“Supergirl Lives.” Supergirl Season 2, Episode 9. Directed by Kevin Smith. Story by Andrew Kreisberg. Teleplay by Eric Carrasco and Jess Jardos.
We have needed the return of Supergirl.
While some reviews may overstate it as the most progressive series on television right now (Steven Universe says hi), even as heavy-handed as it could be the last year and a half, its messages have been spot-on.
The show follows a bit from what Buffy the Vampire Slayer did: turn real-life issues into allegories. Some work better than others, yet the discussion they can motivate is vital when it comes to xenophobia, refugee relief, racism, sexism, homophobia, schools of feminism, toxic masculinity, being the change you want in the world, and forming a coherent society.
And as the United States allows a fascist and a bigot to walk into the White House, those messages are more important.
(And yes, I will get to reviewing the episode in a moment.)
The absence of Supergirl during the winter hiatus was particularly difficult as the United States has allowed itself to install a fascist into the White House, a man who brags of sexually assaulting women while calling Mexican persons rapists, who mocks the appearances of others while he looks like a melting Jack O’Lantern your lazy neighbor can’t bother to throw out, and who is so insecure in his own skin that he just can’t stand that a woman kicked his ass and got three million more votes than his popular-vote-losing sad-sack self.
To put it bluntly: fuck Donald Trump, fuck the minority of voters who selected him, fuck the Electoral College for installing him against all reasonable concerns about how unfit he is for office, and fuck y’all who keep asking that we compromise with a bigot, a fascist, and a buffoon.
That aside is cathartic–but also relevant given the recent women’s march, where Supergirl herself Melissa Benoist joined, Wonder Woman made a few cameos, and where artwork (trying to find the link again) has circulated of Supergirl doing to this fascist what Captain America did to Hitler. It is coincidental that both Supergirl and the Clinton campaign have used the phrase “stronger together” (H/T Ellak Roach for pointing that out), and it is a similarity emerging from similar concerns in the fact of people who divide on the basis of identity, rather than on the basis of character.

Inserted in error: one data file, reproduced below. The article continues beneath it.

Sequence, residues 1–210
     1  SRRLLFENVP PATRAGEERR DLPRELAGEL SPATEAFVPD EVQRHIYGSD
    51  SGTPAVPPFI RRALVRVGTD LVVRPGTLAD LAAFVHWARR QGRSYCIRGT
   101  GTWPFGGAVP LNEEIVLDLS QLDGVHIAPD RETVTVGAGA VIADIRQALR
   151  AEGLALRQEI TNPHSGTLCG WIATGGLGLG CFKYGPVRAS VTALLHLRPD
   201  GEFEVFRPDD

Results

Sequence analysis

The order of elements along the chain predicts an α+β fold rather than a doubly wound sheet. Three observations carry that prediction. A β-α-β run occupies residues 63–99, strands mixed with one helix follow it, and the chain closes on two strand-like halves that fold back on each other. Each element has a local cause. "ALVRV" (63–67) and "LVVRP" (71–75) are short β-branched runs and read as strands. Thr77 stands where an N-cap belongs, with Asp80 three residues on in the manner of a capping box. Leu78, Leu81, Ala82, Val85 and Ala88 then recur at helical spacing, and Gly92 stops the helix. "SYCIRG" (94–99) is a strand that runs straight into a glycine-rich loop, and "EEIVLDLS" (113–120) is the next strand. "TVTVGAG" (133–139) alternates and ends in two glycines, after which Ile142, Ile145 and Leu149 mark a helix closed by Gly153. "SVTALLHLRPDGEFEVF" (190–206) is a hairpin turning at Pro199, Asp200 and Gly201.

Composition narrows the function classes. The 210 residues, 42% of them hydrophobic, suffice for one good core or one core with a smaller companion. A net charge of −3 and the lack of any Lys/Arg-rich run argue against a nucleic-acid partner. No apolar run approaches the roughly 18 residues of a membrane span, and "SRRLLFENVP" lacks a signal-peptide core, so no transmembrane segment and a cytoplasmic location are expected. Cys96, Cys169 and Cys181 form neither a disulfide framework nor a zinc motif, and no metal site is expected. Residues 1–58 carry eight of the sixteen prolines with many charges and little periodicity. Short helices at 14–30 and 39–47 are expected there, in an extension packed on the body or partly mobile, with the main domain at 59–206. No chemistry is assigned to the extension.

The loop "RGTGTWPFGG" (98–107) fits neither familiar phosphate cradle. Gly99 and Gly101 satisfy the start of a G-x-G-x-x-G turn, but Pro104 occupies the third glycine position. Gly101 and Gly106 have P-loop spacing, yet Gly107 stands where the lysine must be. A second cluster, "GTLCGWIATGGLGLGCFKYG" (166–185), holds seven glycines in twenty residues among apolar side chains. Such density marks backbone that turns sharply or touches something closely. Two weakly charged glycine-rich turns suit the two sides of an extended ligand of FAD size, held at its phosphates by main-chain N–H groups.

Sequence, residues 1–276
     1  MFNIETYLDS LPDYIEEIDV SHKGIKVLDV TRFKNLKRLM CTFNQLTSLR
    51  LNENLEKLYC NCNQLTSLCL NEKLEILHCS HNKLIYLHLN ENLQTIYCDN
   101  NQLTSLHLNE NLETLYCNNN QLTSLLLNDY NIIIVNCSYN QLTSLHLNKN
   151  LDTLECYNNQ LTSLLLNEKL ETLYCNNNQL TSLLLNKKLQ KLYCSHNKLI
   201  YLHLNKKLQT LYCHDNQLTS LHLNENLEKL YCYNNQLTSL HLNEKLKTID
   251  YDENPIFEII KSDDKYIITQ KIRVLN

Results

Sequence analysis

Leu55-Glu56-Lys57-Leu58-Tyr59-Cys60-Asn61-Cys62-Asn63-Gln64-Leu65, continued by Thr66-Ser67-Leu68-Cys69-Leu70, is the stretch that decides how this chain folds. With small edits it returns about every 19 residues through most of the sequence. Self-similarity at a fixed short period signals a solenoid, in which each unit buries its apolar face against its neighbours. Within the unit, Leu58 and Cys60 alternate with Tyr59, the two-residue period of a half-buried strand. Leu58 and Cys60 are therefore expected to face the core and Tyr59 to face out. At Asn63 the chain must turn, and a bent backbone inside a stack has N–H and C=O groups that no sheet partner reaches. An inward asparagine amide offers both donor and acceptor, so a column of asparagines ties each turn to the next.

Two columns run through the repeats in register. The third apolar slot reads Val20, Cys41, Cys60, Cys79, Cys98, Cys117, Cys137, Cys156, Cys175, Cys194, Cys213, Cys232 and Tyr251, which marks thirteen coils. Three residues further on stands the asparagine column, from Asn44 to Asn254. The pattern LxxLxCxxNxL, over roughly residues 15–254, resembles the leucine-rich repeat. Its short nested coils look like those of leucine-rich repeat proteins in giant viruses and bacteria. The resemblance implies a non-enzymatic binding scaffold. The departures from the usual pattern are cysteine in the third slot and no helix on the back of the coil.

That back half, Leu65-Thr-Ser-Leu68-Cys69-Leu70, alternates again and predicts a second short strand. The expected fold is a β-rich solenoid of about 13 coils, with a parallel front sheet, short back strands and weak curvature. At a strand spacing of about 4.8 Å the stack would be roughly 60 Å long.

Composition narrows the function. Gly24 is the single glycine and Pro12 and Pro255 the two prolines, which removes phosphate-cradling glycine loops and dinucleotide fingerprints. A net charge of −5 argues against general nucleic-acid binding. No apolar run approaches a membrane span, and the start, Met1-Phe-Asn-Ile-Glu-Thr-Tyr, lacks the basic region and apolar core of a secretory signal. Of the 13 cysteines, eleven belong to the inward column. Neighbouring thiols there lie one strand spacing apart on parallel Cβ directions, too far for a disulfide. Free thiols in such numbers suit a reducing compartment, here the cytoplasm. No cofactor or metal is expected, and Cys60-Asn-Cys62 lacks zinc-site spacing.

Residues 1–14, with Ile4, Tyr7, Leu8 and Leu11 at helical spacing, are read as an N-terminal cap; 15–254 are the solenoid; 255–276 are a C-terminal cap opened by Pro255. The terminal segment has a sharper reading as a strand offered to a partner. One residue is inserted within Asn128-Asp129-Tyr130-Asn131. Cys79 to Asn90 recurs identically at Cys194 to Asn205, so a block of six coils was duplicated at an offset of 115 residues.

That message is central to Supergirl serving as a symbol of hope to motivate others around her–the important of being the change you want in the world, regardless how bleak circumstances seem. Tonight’s episode about human trafficking, feelings of inadequacy among men, the importance of setting an example–these themes are not obviously to me related to the last year and a half of horrible campaigning by a horrible human being. But they are topics whose significance will only grow as the United States confronts a dark time. Popular culture, whether mainstream or niche, highbrow, middlebrow, or lowbrow, has a resonance because it speaks to concerns of its viewer, whoever that person is–and it is up to that fan to make that series relevant, and it is their ethical responsibility to do so in a way that makes the world better. That is why an actor marching with women can be start; it is why fan art of a female superhero a literally punching a male abuser can be start.
Okay–that’s enough of a start about what the series means right now at the beginning of 2017. Let’s talk about what the episode itself did.
Kevin Smith has already directed episodes of The Flash, and while “Runaway Dinosaur” remains the best episode that series has had, and his hand lent needed atmosphere, his follow-up episode “Killer Frost” was underwhelming due to the script and by-the-numbers plot. With much less action in this episode (barring the well-done van tipping chase), Smith does much better. In fact, having an episode with a red sun helps Smith to focus on this atmosphere and the dialogue. The episode is centered around him a bit, not only in playing to his strengths for conversations over action, but also the title (“Supergirl Lives” alludes to the script Superman Lives that Smith wrote for the undeveloped Tim Burton/Nicholas Cage production) and one guest star (his daughter, Harley Quinn Smith, as the kidnapped young adult Izzy).
As with “The Runaway Dinosaur,” Smith and his colleagues know how to use lighting to affect the mood: the sunny, cheery atmosphere to Alex’s (Chyler Leigh) apartment and new romance with Maggie (Floriana Lima), the dark and cool colors to the street when a thief pummels Winn (Jeremy Jordan), and the red sun planet sapping Kara and Mon-El (Chris Wood) of their powers. The setup for Winn’s shouting at James (Mehcad Brooks) in the locker room, the camera getting closer on Winn as his anger and panic increase, provides a more claustrophobic frame that emphasizes his turmoil. Compare that framing to how close Alex is to the camera when she gives Winn the pep talk–it’s like the two scenes show two different ways intimacy can be overwhelming or comforting.